Assessment of the effectiveness of electronic gatekeeping as a utilization management tool at Groote Schuur Hospital

Master Thesis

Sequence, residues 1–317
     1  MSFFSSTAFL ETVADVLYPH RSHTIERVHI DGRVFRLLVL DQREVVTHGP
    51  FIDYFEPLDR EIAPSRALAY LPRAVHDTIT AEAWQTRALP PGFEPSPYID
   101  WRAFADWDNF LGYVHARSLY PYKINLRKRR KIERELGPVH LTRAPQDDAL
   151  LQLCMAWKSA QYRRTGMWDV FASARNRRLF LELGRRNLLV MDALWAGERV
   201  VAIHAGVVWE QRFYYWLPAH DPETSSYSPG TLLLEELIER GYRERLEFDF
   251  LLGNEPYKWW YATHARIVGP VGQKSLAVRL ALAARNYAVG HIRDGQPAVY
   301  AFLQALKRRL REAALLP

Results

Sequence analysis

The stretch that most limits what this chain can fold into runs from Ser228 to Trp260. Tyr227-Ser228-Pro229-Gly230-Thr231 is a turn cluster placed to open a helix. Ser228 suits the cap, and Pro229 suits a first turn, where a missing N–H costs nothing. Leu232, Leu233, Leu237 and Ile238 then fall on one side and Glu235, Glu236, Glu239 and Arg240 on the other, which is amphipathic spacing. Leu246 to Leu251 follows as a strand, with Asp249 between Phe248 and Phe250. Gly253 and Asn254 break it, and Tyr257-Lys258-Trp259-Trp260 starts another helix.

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BACKGROUND: Utilization management ensures the appropriateness of laboratory testing by reducing the performance of tests which can be reasonably avoided with no adverse effects for the patient. Electronic gatekeeping, a utilization management tool, was introduced at Groote Schuur in 2010. Criteria were based on the minimum retesting interval, healthcare location, level of experience and discipline of the requesting clinician and specific ICD-10 codes. METHODS: A retrospective observational study assessing the effectiveness of electronic gatekeeping at Groote Schuur Hospital (Cape Town, South Africa), by comparing the test request volumes by using absolute test numbers and pre-defined ratios in the year prior to gatekeeping, to the two years following implementation. A secondary aim is to apply selected ratios to the other national academic hospitals to determine the potential for cost saving. RESULTS: At the medical wards of Groote Schuur Hospital there was an overall decrease in number and cost of tests of 24% per inpatient day for 2011. The most dramatic difference in cost is seen for chloride (91%) followed by HbA1c (90%), FT3 (89%) and CRP (82%). The application of ratios to Groote Schuur Hospital show a decrease in 2011 in all ratios apart from PCT: FBC+WCC (0.003 vs 0.002) and Mg: Ca (0.86 vs 0.84). AST: ALT remained the same at 0.55. This suggests overall effectiveness of the eGK rules although there is ongoing panel requesting. If the GSH eGK rules were to be applied at all other national academic hospitals, it could translate into a potential cost saving of $13 411 873.96 (R103 196 838.80) per annum. CONCLUSIONS: Electronic gatekeeping is an effective utilization management tool at Groote Schuur Hospital. It is relatively easy to implement and manage, and when combined with additional tools has the potential to result in larger reductions of unnecessary tests, cost savings and improved patient outcome.